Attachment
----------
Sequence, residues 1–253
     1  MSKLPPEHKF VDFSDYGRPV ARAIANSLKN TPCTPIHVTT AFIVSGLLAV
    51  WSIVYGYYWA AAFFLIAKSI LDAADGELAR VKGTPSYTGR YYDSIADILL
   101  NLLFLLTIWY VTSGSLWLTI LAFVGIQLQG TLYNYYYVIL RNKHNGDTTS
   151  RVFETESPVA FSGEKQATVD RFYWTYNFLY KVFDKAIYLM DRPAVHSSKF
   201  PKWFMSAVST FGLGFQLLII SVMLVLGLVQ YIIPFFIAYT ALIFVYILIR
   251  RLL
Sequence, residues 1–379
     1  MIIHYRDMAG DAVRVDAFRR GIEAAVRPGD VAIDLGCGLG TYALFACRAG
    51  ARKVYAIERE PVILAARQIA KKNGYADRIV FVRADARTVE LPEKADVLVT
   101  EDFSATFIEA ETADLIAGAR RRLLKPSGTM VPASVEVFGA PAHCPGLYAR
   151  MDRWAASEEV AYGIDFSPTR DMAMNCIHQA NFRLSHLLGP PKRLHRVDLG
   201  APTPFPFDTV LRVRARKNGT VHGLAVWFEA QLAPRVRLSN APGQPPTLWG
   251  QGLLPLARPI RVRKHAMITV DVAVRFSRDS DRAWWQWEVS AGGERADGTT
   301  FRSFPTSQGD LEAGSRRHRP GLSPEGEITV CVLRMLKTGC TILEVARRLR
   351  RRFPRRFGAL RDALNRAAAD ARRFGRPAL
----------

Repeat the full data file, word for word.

Sequence, residues 1–253
     1  MSKLPPEHKF VDFSDYGRPV ARAIANSLKN TPCTPIHVTT AFIVSGLLAV
    51  WSIVYGYYWA AAFFLIAKSI LDAADGELAR VKGTPSYTGR YYDSIADILL
   101  NLLFLLTIWY VTSGSLWLTI LAFVGIQLQG TLYNYYYVIL RNKHNGDTTS
   151  RVFETESPVA FSGEKQATVD RFYWTYNFLY KVFDKAIYLM DRPAVHSSKF
   201  PKWFMSAVST FGLGFQLLII SVMLVLGLVQ YIIPFFIAYT ALIFVYILIR
   251  RLL
Sequence, residues 1–379
     1  MIIHYRDMAG DAVRVDAFRR GIEAAVRPGD VAIDLGCGLG TYALFACRAG
    51  ARKVYAIERE PVILAARQIA KKNGYADRIV FVRADARTVE LPEKADVLVT
   101  EDFSATFIEA ETADLIAGAR RRLLKPSGTM VPASVEVFGA PAHCPGLYAR
   151  MDRWAASEEV AYGIDFSPTR DMAMNCIHQA NFRLSHLLGP PKRLHRVDLG
   201  APTPFPFDTV LRVRARKNGT VHGLAVWFEA QLAPRVRLSN APGQPPTLWG
   251  QGLLPLARPI RVRKHAMITV DVAVRFSRDS DRAWWQWEVS AGGERADGTT
   301  FRSFPTSQGD LEAGSRRHRP GLSPEGEITV CVLRMLKTGC TILEVARRLR
   351  RRFPRRFGAL RDALNRAAAD ARRFGRPAL